SAM:  I am taking classes with the amazing and talented Amy Lyndon who is teaching me the 15 main guidelines for cold read and booking a role.  When I prep for an audition, I have a work sheet Amy gave me that I use to break down a script.  Then I work on it until I feel I have the character just right.  It is all about a choice.  My choice might not be the same as someone else, so it is up to the casting director to see who made the best choice to bring the writer’s vision to light.  As far as doing something else, I act because I love it not for the money.  I really can’t see myself ever giving up something I love doing.  Although, I am planning to get an aeronautical engineering degree in college because I would also like to be an astronaut.

 

ANTHONY:  Speaking of classes — how do you balance auditioning/being on-set and school work?

 

SAM:  I home school, actually go to a year-round charter school, so I only go to class twice a week for an hour to take tests.  Because I do my work at home, I can do my school around my audition schedule.  Sometimes, I do homework in the morning and when I have had a hectic schedule preparing for auditions then I will do it at night.  Since I go to a year-round school I am actually working faster than being in regular school and should graduate a year early.  Being on set is a even easier, because the law requires me to do 3 hours of school each day we are working.

 

 ANTHONY:  Okay, let’s talk about causes. I know you’re doing a Ronald McDonald House fundraiser at the moment. Why this cause, and how did you get involved?  What can my readers do to help you and your Walk For Kids team?

 

Sam Walks for Kids

SAM:  I was filming a short film called “Tears Asunder” and the location was about 5 houses down from Ronald McDonald House Pasadena.  We walked past it everyday on our way to set and I asked my mom what it was.  She explained what they did and I thought that was really cool because when I was little I had very bad asthma and often was hospitalized.  We lived in a small town so my mom was able to stay in the room with me but I know that isn’t always possible in larger cities.  I was glad to have my mom close because it was very scary sometimes.  I got involved with Walk For Kids last year when one of my friends invited me to join her team.  I raised $400 last year and want to raise even more this year.  I decided to start my own team this year because I wanted to be more active in helping Ronald McDonald House.

 

People can help our team by donating any amount, even $1 will help us reach our goal of $10,000.  My favorite thing to say is…can you give up your morning latte today and donate that $5 to our fundraiser.  A lot of people don’t realize if they just cut one specialty item out of their schedule they would have enough to help a child have their mom close by if they get scared.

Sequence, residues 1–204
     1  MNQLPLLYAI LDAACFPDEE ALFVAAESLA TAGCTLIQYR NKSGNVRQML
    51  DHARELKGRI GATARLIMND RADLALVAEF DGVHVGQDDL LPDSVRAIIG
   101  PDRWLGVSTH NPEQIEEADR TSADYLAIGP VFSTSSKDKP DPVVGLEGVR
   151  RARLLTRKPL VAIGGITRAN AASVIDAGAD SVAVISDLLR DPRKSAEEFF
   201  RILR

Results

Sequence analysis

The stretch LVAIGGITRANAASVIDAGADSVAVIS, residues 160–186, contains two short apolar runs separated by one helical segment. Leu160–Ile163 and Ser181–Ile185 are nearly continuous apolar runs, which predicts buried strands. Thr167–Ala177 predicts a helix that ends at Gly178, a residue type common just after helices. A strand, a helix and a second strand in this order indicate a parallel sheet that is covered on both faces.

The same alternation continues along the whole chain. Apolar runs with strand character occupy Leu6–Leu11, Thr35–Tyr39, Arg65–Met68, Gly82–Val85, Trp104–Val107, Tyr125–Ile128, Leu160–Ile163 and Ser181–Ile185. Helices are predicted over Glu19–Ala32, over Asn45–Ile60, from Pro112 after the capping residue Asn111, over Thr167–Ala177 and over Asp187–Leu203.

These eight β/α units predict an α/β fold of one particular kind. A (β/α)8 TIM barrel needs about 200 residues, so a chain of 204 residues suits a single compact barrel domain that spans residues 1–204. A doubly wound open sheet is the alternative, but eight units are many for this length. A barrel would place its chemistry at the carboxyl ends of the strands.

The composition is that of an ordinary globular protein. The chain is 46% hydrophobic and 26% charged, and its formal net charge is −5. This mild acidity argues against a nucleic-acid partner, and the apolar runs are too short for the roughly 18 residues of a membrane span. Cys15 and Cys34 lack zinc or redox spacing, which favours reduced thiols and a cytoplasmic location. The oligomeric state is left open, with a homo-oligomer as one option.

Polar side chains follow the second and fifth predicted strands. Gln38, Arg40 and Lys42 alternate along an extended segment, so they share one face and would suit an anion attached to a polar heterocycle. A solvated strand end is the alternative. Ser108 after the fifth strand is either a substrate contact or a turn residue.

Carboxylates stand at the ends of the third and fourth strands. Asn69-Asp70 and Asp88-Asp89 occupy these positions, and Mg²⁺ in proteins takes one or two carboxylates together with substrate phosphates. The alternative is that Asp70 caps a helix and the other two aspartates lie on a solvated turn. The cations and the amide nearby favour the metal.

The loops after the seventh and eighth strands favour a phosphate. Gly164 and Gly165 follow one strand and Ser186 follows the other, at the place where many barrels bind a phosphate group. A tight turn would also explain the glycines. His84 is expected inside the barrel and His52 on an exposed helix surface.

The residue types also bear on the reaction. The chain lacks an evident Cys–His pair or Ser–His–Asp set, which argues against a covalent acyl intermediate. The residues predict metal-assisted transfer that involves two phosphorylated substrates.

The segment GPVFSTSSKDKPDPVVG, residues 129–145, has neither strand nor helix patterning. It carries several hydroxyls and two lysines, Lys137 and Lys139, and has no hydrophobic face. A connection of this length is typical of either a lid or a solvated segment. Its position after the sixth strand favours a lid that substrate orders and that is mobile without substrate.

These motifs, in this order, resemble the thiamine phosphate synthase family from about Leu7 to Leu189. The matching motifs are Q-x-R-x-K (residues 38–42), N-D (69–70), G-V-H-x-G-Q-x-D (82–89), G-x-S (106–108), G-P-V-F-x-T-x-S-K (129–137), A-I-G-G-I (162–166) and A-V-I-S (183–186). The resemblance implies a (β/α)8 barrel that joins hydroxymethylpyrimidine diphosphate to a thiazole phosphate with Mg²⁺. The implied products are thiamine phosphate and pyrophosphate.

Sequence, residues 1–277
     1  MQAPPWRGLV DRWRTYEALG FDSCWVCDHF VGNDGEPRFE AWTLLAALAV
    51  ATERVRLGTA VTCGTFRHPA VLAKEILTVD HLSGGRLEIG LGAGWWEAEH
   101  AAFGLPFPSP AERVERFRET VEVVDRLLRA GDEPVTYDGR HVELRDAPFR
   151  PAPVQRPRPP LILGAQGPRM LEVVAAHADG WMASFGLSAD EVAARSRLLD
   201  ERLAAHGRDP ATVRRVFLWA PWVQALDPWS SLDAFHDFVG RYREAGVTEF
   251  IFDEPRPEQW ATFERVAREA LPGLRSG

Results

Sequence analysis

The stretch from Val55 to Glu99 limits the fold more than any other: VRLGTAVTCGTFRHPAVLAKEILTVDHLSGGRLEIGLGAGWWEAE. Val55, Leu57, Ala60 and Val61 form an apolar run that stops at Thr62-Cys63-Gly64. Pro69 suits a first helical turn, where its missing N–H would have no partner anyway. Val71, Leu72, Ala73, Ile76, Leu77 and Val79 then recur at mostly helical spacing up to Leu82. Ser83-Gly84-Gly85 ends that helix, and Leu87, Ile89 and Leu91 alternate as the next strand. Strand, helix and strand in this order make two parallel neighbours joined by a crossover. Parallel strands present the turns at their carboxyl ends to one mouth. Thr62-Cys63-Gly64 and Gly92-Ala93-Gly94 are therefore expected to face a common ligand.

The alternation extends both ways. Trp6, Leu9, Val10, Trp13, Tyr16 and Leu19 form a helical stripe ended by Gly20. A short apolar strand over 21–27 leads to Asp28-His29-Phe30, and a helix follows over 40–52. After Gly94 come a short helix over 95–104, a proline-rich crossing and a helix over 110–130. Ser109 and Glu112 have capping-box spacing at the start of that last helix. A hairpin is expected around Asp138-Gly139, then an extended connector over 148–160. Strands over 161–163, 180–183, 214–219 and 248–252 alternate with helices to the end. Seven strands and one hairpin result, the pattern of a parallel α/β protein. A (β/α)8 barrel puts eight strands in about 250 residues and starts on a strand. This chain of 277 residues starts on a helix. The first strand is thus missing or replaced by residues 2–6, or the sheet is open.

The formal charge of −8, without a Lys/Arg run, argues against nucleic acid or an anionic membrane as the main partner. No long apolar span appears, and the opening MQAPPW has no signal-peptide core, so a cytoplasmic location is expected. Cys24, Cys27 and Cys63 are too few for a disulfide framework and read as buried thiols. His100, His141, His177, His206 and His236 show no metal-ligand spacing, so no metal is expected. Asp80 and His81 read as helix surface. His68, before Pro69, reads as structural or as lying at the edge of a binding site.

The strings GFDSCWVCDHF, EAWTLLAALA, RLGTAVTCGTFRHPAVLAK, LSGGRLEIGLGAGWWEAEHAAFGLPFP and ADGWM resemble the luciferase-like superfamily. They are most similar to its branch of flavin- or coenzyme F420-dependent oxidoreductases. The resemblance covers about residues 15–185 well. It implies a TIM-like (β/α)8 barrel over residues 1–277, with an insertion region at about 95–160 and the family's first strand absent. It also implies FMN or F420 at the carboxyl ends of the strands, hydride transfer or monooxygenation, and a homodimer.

Here is the link to my donation page —  My goal is $1000 but I would like to raise even more than that if possible.

 

 

ANTHONY:  What other causes are important to you, and how involved are you with those?  

 

SAM:  I am working with several organizations.  Last year I donated my birthday to Project Night Night.  They give security totes to kids whose families have become homeless due to the economy or loss of job.  Each tote has a blanket, teddy bear or stuffed animal, and a bedtime story.  On my 15th birthday, I asked my guests to bring one or more of these things to donate to the tote bags.  We were able to stuff over 75 totes for kids ages 0-12 years old.  I was over whelmed with how generous everyone was to help these kids.  I am doing the same again this year for my 16th birthday.  I don’t have a lot but there are people out there who have a lot less and it feels good to help those people.

 

Another project I am working on is a Freeline Skate team which will be going around to different charity events to teach kids to Freeline skate who might not have opportunity to learn.  We are going to work with the Boys and Girls Club, Autism Talks, Make a Wish, Starlight Foundation and anyone else who is interested in having a fun time learning to skate.

 

ANTHONY:  And my usual final question:  What is your favorite book, and what would you say to someone who hasn’t read it to convince them that they should?

 

SAM:  My favorite book right now is “The Hunger Games”.  Which is really actually a series of books.  I read the first one in a single day because it grabbed my attention and I didn’t want to put it.  The plot had a really great twist at the end which surprised me.  I think a lot of kids would really enjoy reading these books.  I am excited for the movie to come out and plan on seeing it the very first day it comes out.  🙂

 

ANTHONY: Thanks again, Sam!